Against national trends, Avera and Sanford see baby booms in 2021

KELOLAND.com Original

SIOUX FALLS, S.D. (KELO) — Business has been booming for Dr. Catherine Brockmeier in the past 12 months. 

Working as an OBYGN (obstetrics-gynecology) specialist for Avera McKennan in Sioux Falls, Brockmeier said in her six years she’s seen a gradual increase in births which doesn’t correlate with downward trends nationwide. 

“Something definitely is unique to South Dakota and we’re happy to have it,” said Brockmeier, who noted Avera saw an increase in live births both in Sioux Falls and across the Avera system. 

In 2021, Avera McKennan in Sioux Falls reported 2,248 mothers having 2,337 babies. For the past two years, Avera McKennan has averaged more than 2,300 deliveries. 

The same has held true for Sanford Health. Jon Berg, a spokesman for Sanford, said Sanford Health’s Sioux Falls hospital has seen close to a 9% increase in births in 2021 over 2020.

These local numbers go against a report by the U.S. Census Bureau which showed a downturn in births in winter 2020-2021. Using data from the National Center for Health Statistics, evidence shows the pandemic affected fertility starting in December 2020, nine months after COVID-19 was declared a national emergency in March 2020. 

The study found average births per day were down 9.41% in January 2021 and down 2.88% in February 2021. 

“Most other states and healthcare systems saw a decline due to the pandemic,” Brockmeier said. “We didn’t mirror that here.” 

Despite seeing declines because of the pandemic, the U.S. Census Bureau study pointed out the number of births in the U.S. has declined every year since 2008 except for 2014. The study also noted U.S. births have annual cycles with increases in the spring, peaks in the summer, declines in the fall and lowest during the winter months. 

Recent history has shown South Dakota leading the country in fertility rates. 

The most recent fertility rate per 1,000 women aged 15-44 by the Centers for Disease Control and Prevention is from 2019. It lists South Dakota and North Dakota atop the list with a rate of 70.6, while Massachusetts, Rhode Island, New Hampshire and Vermont all list fertility rates below 50.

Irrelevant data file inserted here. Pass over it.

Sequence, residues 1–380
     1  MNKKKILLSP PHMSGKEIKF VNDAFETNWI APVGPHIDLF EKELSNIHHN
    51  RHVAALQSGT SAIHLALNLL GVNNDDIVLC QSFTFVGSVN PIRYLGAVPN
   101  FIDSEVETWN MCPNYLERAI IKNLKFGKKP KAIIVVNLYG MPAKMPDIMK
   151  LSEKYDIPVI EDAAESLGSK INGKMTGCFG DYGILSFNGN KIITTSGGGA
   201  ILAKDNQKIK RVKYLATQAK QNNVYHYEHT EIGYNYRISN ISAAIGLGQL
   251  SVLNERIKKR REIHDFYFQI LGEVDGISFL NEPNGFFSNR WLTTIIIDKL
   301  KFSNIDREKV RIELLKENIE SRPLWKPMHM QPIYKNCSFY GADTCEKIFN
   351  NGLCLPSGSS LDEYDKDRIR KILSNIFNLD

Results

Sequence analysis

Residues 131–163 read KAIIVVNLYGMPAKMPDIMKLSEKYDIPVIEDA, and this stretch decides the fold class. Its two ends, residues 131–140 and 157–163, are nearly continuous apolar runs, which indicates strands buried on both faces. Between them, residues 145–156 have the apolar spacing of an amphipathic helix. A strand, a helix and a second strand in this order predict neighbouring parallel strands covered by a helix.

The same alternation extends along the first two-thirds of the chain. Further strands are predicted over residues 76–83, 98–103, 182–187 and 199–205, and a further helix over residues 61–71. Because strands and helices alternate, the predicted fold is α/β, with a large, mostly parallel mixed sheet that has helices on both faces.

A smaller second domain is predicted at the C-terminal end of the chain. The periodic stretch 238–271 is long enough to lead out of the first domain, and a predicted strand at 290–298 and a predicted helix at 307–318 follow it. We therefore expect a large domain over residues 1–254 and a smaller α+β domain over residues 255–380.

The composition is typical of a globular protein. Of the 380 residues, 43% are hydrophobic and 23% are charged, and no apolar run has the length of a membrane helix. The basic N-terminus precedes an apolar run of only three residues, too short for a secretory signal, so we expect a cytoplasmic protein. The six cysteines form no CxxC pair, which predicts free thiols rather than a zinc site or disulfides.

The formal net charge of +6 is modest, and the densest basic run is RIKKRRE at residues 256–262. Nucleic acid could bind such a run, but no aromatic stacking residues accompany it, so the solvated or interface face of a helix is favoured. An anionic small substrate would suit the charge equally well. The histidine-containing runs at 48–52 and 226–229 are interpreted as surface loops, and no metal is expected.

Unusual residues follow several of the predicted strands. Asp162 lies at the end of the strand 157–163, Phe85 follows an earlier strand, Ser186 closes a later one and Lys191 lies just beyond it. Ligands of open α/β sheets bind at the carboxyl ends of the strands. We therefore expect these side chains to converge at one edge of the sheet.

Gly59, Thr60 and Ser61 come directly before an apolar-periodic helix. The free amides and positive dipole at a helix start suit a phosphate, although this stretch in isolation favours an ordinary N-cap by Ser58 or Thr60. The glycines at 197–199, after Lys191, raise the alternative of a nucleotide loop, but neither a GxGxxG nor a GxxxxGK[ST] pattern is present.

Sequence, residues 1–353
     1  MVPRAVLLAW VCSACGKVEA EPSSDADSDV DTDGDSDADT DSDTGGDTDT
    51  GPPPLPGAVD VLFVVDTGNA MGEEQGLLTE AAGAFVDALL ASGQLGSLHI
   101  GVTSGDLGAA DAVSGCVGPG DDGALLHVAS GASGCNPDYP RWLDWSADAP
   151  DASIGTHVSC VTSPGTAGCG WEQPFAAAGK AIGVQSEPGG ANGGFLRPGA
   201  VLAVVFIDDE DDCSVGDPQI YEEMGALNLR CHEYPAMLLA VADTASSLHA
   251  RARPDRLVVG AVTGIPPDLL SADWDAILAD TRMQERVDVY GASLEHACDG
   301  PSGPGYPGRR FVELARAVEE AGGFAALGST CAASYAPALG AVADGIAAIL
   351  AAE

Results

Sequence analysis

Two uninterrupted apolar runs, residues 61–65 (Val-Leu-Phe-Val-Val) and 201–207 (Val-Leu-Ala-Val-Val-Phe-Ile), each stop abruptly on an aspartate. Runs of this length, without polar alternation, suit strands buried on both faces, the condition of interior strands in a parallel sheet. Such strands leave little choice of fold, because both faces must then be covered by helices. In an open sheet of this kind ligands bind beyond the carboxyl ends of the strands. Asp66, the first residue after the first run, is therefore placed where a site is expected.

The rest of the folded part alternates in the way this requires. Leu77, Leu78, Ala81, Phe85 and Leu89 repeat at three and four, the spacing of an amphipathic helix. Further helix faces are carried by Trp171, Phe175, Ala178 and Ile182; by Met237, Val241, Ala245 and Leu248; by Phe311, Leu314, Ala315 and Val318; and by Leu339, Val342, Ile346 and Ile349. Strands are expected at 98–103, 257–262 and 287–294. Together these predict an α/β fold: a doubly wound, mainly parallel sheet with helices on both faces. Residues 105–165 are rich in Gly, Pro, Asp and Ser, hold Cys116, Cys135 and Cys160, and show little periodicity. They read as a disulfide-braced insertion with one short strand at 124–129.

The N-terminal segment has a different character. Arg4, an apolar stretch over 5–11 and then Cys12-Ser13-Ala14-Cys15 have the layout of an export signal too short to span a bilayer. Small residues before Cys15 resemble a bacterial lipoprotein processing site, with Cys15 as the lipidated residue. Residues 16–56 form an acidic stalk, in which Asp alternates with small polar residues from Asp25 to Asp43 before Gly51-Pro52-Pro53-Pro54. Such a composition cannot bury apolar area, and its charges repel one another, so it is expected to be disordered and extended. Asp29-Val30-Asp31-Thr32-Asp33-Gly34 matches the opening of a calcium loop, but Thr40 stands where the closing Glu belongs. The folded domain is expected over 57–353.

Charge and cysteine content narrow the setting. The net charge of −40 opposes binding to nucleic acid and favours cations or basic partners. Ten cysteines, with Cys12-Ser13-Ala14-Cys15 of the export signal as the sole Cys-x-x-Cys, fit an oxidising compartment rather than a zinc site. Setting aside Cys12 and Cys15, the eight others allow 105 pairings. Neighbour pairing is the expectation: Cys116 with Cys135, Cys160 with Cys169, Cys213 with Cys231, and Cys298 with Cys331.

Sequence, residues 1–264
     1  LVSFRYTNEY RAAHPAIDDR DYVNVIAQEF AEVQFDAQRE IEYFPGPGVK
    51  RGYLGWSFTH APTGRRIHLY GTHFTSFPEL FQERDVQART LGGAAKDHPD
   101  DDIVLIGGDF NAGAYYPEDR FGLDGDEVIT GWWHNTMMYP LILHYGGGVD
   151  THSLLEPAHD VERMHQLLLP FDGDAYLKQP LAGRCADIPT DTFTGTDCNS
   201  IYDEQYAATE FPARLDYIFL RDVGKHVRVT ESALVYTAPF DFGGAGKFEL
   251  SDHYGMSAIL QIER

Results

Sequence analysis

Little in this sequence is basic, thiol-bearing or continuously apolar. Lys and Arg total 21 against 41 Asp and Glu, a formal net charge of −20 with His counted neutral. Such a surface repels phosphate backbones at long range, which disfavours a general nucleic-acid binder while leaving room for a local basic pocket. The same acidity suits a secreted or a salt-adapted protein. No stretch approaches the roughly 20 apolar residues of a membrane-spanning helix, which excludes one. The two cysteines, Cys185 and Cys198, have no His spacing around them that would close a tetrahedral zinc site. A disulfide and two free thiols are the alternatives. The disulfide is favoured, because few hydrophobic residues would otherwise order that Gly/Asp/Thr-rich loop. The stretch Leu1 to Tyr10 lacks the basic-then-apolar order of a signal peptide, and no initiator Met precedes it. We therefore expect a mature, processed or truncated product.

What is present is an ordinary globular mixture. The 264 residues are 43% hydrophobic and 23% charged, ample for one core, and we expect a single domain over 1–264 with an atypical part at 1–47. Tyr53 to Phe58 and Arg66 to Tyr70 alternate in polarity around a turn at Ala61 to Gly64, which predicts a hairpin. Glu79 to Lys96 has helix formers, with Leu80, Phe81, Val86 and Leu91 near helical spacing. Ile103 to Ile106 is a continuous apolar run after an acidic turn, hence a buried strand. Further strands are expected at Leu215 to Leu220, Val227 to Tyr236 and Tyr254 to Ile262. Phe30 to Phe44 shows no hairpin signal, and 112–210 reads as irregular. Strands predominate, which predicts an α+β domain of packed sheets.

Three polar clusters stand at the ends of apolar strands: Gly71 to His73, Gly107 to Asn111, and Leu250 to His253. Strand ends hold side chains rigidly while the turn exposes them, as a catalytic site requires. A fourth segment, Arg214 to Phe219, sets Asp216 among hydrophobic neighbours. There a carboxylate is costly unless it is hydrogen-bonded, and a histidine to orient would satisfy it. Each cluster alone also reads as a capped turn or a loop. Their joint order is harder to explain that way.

Brockmeier said people living in the Midwest traditionally start families at younger ages and have bigger families. 

“When you start younger, your fertility is naturally at its peak,” Brockmeier said. “We get younger moms starting their families and growing their families.” 

The upward trend in births will continue into 2022, Brockmeier believes. She mentioned she’s been seeing a lot of current patients with due dates in July. 

“It is busy,” Brockmeier said. “It’s never a bad thing with everything going on in the world to get a chance to celebrate the birth of a baby and help someone grow their family.” 

Doctors encourage COVID-19 vaccines for pregnancies 

Entering 2022, Brockmeier said doctors know a lot more about caring for any pregnant women who may be affected by COVID-19. 

“We are lucky that most of our women are starting to listen to our advice and get vaccinated,” Brockmeier said. “Initially it was scary for anyone whether pregnant or not to consider a new vaccine but there is so much data now to say it’s safe for all, especially pregnant women.” 

Brockmeier said COVID-19 infections with pregnant women can cause preterm births, preterm rupture of membranes, stillbirths and miscarriages. 

“We know that COVID infection itself has the potential for really, really negative impacts for both mom and the fetus,” Brockmeier said. “If we are preventing a serious illness, then the vaccine is widely efficacious.”   

Brockmeier said she always encourages any parents considering having a baby to speak with a doctor. 

“There’s so much you can learn from that visit alone just to talk about your health history, what your concerns might be and what questions on what to expect during pregnancy,” Brockmeier said.

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